Over a large part of the country (as in other nations of Latin America) the land is held much as it was in Spain before the discovery of the New World-- in that age when in Western Europe the feudal system of land tenure still survived the decay of feudalism as a recognized institution. -- George McCutchen McBride, The Land Systems of Mexico, New York 1923.
The Spanish invaders, upon conquering the Aztecs, intended to replace the Aztec elite in kind; to rule the same empire with a different name, New Spain, through commanding tribute, and service, from the conquered.
So small were the Spanish numbers, so backward their institutions of religion and property that if it hadn't been for the epidemics inflicted upon the indigenous peoples, the conquerors would surely have been swallowed up and absorbed by the conquered. Disease is the secret to Spain's success in New Spain. Taxation, tribute, the encomienda would have been nothing without the power of pestilence...in the beginning.
The first epidemics struck the indigenous peoples even before Tenochtitlan had fallen. By 1548, 70 percent of the indigenous population had died out. By the end of the 16th century, the decline exceeded 90 percent.
The conquistadores carried lots of germs with them, but not the germs of new relations of land and labor. They took the land in the name of the King and Queen, but their interests, and their god, was a lot closer at hand than the monarchy and its court. The conquerors required service, labor service to mine the metals, labor service to tend the land, labor service as a form of taxation itself on the life of the indigenous peoples. The encomienda which had been exported to the Spanish Caribbean from the Canary Islands was reexported to New Spain. The encomienda was presented as a system of mutual obligations between the conquered and the conquerors, with however, only one side required to actually serve and labor for the other.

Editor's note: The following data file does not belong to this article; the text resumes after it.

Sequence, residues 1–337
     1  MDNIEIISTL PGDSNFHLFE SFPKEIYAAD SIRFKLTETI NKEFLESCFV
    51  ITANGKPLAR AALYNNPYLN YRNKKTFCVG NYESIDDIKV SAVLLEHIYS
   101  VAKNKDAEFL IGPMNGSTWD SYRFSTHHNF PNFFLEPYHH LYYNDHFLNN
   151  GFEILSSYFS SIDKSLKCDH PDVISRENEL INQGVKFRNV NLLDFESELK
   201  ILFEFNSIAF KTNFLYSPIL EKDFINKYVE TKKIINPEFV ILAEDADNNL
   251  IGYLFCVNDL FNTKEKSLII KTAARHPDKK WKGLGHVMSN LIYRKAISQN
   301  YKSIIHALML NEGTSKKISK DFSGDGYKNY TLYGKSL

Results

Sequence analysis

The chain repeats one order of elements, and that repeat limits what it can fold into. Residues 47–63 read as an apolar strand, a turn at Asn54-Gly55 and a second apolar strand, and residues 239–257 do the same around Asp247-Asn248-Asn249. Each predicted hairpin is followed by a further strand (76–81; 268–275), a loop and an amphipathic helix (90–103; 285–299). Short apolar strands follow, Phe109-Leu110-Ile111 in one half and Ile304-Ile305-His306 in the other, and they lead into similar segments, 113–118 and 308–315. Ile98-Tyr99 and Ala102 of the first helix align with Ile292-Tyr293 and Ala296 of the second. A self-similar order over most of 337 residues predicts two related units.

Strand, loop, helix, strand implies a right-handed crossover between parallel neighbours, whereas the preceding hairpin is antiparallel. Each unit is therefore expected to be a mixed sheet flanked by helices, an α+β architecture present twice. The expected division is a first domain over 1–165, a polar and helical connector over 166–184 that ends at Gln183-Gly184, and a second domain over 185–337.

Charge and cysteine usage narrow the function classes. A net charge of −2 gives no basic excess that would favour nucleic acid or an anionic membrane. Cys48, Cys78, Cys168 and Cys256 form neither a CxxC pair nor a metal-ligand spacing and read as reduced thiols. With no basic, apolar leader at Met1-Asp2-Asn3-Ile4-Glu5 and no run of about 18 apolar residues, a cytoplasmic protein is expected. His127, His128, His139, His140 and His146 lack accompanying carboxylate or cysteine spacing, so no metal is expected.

In the Caribbean, the labor and service of the conquered was organized on the basis of kinship of the indigenous peoples. In New Spain, where much of the territory and the population was already organized in villages, towns, and districts-- where the original kinship relations of land and land use had already given way to territorial organization--, the encomiendas were likewise constituted in the aggregation of districts, villages, territory. With the original encomiendas, service of the conquered was demanded and delivered to the conquerors, while the property of the indigenous peoples was to be respected. Theoretically. With the encomiendas territoriales, labor service became indistinct from the land tenure relations that bound the conquered to conquistadores. The demand on the laborer for service became the demand on the laborers' property. The expropriation of property became the essential relation for the reproduction of the laborers' service.
The Spanish monarchy had acknowledged, granted, and even supported the villages rights to their own properties. The Spanish crown essentially incorporated the villages as tax and tribute paying units, collectivities. The encomienda obstructed that tribute relation.